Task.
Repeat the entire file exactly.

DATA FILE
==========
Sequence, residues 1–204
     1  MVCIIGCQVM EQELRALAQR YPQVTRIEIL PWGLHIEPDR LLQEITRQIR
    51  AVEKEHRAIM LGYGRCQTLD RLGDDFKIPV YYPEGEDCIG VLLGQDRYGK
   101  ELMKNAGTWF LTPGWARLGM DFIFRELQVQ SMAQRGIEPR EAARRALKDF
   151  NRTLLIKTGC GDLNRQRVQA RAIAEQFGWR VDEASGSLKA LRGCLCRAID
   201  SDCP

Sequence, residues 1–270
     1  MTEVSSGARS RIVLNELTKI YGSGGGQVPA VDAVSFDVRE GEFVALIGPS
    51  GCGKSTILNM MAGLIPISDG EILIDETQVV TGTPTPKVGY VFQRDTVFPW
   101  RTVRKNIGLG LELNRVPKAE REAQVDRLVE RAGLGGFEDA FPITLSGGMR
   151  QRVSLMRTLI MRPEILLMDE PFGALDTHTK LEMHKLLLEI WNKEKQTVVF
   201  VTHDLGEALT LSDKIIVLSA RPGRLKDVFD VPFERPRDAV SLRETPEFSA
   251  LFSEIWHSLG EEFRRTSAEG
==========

Sequence, residues 1–204
     1  MVCIIGCQVM EQELRALAQR YPQVTRIEIL PWGLHIEPDR LLQEITRQIR
    51  AVEKEHRAIM LGYGRCQTLD RLGDDFKIPV YYPEGEDCIG VLLGQDRYGK
   101  ELMKNAGTWF LTPGWARLGM DFIFRELQVQ SMAQRGIEPR EAARRALKDF
   151  NRTLLIKTGC GDLNRQRVQA RAIAEQFGWR VDEASGSLKA LRGCLCRAID
   201  SDCP

Sequence, residues 1–270
     1  MTEVSSGARS RIVLNELTKI YGSGGGQVPA VDAVSFDVRE GEFVALIGPS
    51  GCGKSTILNM MAGLIPISDG EILIDETQVV TGTPTPKVGY VFQRDTVFPW
   101  RTVRKNIGLG LELNRVPKAE REAQVDRLVE RAGLGGFEDA FPITLSGGMR
   151  QRVSLMRTLI MRPEILLMDE PFGALDTHTK LEMHKLLLEI WNKEKQTVVF
   201  VTHDLGEALT LSDKIIVLSA RPGRLKDVFD VPFERPRDAV SLRETPEFSA
   251  LFSEIWHSLG EEFRRTSAEG